Karat questions portrayal of Wikileaks as "unverified"
New Delhi: The CPI(M) on Friday asked why the
Manmohan Singh government was trying to portray the Wikileaks
reports as "unverified" when the US Administration was itself
saying these were cables of its own embassies across the world
"We are unable to understand why our government is not
ready to accept the genuineness of these cables when (US
Secretary of State) Hillary Clinton has herself gone
telephonically warning world governments about their leakage",
CPI(M) General Secretary Prakash Karat told reporters here.
Observing that more cables would come out in the near
future, he said, "These will provide a very revealing glimpse
of the state of affairs of our government in the past few
years, particularly after it entered into a strategic alliance
with the United States."
On the protests against the Jaitapur nuclear power
project, he said the CPI(M) would make it a national issue and
form a national committee, including political leaders and
scientists, to support the cause of the local people.
Noting that the Wikileak cables from India, brought
out first by The Hindu, had also thrown light on developments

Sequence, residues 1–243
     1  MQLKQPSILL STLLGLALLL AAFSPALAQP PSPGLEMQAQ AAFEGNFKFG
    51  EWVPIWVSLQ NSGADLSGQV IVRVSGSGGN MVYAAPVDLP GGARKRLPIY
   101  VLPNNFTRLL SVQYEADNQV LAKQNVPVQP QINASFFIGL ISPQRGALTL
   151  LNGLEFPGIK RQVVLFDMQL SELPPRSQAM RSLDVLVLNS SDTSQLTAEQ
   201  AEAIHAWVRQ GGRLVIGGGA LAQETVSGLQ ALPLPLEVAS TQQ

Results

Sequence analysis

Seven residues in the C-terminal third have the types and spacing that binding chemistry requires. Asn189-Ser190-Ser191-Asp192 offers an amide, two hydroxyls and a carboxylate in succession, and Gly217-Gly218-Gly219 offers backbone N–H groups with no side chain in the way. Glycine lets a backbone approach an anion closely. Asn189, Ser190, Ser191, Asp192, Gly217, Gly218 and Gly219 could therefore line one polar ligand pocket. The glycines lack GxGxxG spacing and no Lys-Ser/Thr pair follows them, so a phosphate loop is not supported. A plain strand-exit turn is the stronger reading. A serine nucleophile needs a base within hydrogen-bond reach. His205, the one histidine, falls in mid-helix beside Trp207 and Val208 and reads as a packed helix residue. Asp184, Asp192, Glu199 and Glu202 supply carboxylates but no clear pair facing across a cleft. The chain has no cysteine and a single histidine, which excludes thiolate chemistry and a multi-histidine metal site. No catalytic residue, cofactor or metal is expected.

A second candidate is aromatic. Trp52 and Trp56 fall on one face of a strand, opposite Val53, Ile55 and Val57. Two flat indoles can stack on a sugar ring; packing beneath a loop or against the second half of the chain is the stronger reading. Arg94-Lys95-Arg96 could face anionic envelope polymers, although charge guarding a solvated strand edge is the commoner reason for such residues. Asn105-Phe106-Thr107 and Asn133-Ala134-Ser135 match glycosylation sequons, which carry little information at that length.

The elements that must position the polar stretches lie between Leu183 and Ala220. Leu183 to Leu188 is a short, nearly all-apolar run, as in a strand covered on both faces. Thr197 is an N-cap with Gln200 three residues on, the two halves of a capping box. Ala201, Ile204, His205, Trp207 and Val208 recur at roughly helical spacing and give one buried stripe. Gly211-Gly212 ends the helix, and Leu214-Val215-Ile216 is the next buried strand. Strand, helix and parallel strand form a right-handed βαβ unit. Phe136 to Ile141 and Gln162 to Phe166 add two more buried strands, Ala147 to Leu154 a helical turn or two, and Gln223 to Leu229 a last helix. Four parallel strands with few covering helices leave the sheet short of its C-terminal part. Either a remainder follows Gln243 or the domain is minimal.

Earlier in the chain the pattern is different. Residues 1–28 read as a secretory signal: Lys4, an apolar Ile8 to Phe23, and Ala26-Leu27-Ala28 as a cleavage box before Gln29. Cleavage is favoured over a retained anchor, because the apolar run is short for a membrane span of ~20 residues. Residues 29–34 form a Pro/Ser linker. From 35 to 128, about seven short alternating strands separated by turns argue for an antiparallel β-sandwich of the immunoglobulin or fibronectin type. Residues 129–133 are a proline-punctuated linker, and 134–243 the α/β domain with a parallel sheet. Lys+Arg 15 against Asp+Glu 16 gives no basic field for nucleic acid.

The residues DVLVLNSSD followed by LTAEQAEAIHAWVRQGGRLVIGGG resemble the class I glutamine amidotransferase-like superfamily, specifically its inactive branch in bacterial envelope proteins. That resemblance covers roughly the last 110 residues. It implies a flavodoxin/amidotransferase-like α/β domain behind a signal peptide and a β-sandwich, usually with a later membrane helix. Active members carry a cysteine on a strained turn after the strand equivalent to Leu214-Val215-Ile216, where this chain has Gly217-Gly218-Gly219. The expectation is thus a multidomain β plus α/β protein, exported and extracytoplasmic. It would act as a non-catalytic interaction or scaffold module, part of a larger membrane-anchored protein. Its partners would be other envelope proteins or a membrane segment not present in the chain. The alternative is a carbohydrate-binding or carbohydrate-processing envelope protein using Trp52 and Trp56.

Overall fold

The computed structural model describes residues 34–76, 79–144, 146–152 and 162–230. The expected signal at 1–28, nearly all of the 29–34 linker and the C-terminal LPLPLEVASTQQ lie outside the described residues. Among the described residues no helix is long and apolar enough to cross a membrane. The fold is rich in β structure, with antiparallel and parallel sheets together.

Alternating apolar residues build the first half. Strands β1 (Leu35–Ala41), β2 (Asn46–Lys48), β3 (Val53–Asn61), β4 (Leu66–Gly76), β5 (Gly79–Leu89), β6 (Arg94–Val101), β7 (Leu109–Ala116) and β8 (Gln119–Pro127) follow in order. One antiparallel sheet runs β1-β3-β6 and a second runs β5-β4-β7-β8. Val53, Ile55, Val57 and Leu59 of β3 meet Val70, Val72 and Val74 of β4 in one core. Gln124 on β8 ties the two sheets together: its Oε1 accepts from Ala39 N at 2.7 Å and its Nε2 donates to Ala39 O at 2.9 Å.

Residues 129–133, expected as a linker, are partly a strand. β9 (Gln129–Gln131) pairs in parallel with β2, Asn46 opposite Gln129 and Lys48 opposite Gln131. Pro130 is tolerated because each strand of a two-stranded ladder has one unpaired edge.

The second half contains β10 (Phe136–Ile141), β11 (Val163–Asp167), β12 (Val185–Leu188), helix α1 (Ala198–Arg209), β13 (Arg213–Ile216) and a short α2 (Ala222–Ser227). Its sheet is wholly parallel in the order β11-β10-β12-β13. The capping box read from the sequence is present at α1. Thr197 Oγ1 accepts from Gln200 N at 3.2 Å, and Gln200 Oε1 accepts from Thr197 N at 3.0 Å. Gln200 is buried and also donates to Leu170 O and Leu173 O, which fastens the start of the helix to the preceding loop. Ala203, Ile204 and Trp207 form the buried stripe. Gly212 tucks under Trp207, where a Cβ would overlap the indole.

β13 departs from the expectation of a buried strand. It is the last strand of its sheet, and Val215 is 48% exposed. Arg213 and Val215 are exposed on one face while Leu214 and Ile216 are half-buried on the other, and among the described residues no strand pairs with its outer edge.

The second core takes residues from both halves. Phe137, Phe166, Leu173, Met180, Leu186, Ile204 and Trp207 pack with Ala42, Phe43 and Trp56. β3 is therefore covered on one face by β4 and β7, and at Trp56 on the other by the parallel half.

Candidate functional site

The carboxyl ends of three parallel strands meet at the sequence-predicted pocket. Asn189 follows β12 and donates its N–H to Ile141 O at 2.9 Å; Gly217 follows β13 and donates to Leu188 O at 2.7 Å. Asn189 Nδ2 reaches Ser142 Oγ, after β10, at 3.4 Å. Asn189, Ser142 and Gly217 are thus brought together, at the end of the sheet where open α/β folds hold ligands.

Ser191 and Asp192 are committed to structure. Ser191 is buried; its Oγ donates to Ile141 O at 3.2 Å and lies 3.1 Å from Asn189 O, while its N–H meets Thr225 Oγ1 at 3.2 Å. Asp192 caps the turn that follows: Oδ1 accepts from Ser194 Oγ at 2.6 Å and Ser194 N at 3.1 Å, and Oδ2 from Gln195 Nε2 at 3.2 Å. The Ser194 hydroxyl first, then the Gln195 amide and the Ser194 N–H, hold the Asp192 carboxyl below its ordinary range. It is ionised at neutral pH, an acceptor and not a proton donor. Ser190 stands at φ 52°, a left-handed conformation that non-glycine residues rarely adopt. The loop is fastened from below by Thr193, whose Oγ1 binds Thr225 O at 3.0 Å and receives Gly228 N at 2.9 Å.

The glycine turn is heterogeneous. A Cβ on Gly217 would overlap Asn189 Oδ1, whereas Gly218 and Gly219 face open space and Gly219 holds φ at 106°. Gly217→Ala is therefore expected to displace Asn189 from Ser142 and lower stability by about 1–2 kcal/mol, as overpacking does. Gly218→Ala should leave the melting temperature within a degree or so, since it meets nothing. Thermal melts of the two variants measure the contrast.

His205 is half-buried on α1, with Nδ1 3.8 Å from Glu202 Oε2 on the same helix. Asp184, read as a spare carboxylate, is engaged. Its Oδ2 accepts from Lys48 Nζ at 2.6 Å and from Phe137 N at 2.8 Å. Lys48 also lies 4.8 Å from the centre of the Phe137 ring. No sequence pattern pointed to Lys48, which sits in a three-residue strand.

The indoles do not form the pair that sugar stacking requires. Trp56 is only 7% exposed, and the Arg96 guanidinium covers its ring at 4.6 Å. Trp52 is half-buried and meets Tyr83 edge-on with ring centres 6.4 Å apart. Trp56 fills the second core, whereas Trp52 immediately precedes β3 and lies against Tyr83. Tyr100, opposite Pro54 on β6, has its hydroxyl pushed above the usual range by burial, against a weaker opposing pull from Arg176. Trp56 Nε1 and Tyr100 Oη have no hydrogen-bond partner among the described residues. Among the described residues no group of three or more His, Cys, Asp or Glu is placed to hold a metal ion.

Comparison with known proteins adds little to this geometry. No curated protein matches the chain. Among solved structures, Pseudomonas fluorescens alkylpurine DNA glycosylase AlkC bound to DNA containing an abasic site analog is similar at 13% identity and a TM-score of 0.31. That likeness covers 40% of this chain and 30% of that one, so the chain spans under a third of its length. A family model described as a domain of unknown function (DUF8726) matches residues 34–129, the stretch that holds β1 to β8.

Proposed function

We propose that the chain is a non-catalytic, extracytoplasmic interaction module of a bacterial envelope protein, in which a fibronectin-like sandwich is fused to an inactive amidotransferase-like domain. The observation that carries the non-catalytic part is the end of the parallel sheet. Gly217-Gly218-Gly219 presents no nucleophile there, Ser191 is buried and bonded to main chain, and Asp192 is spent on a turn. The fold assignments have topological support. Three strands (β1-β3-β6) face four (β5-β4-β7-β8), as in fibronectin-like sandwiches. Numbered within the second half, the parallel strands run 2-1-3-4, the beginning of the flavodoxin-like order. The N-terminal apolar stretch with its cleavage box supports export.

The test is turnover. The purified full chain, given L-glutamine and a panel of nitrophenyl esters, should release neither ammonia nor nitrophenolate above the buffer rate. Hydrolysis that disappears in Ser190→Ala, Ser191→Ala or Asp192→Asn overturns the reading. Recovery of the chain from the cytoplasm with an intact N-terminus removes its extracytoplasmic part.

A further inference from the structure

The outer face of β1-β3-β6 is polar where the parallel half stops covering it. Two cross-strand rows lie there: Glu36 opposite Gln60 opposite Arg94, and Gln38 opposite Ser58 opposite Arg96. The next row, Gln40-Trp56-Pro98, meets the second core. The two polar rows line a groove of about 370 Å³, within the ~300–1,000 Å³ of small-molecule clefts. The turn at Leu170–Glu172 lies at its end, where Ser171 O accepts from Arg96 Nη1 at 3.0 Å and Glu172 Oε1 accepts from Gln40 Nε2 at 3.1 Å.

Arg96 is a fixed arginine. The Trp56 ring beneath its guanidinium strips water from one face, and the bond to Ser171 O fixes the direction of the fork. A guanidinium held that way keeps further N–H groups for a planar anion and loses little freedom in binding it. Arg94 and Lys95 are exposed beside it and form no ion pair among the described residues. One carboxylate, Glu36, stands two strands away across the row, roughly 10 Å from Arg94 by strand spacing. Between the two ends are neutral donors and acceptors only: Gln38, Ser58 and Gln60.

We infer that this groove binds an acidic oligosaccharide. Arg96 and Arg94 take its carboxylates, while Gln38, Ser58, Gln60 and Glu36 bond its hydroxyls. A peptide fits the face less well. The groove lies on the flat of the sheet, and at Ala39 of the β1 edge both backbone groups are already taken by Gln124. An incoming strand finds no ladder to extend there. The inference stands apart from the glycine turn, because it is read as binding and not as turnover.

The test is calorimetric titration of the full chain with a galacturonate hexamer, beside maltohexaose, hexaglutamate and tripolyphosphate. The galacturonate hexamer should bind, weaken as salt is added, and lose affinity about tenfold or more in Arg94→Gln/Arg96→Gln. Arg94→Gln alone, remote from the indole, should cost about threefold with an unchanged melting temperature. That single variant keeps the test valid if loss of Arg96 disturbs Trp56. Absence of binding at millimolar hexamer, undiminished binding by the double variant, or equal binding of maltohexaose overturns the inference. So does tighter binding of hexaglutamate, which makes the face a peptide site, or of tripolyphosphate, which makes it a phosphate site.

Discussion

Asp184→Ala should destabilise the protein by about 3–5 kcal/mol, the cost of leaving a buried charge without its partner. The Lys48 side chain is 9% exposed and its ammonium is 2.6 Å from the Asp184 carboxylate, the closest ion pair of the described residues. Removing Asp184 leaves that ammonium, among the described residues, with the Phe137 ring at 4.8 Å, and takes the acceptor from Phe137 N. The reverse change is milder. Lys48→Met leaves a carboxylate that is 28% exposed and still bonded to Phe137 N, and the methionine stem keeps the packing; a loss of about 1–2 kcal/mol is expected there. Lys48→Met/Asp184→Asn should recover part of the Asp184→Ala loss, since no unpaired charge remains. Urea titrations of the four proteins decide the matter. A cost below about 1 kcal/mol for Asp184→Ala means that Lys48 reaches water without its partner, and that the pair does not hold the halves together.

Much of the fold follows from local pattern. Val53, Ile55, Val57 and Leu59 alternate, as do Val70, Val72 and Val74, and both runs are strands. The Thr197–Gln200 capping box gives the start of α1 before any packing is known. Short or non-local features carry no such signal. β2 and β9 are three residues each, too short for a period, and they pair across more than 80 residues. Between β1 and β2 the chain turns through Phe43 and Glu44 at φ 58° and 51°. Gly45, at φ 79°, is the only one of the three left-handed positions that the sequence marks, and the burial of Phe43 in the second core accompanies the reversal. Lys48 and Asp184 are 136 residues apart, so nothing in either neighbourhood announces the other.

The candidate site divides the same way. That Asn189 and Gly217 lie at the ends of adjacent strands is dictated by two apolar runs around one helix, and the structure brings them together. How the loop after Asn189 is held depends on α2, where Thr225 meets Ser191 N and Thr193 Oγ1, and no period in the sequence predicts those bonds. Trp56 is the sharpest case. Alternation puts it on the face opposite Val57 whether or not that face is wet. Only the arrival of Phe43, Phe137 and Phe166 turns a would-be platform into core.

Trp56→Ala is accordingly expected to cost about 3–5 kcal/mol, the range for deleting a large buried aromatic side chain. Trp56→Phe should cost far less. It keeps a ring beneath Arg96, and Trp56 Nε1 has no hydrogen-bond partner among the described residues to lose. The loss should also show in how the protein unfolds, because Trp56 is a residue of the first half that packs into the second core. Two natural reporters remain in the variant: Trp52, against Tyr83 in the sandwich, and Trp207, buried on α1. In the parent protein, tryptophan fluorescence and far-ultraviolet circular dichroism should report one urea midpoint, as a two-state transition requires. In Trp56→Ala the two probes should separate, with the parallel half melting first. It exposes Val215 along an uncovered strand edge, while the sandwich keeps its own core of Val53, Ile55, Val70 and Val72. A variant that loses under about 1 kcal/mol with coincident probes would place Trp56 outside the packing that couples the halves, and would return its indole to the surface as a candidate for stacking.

before the signing of the Indo-US nuclear deal, he said,
"The key question is have we really thought about the
consequences of large nuclear parks like Jaitapur where six
nuclear plants from the French company Areva will be set up".
Drawing a parallel to the recent accidents at the
Fukushima plant in Japan after being hit by the massive
earthquake and tsunami, he said there were major safety and
environmental concerns and the entire Jaitapur project "needs
"Fishing will become impossible in the area. The issue
is what will be done with the spent fuel. At Fukushima, the
`spent (fuel) rods` which were hit by the tsunami started
heating up", Karat said and asked there was no clarity as yet
on how the spent fuel would be disposed off.
The CPI(M) leader said the technology to be used by
Areva had not been tested anywhere globally, including in
France and, in addition, it was "terribly expensive".
To questions about Wikileaks cables mentioning about a
meeting between a US Embassy officer and himself, Karat said
he had only one meeting with the then Deputy Chief of Mission
who "I think, wanted to persuade me not to oppose FDI in
retail trade and the entry of (major US retailor) Walmart into
India. Probably, he wanted to probe what our stand will be".
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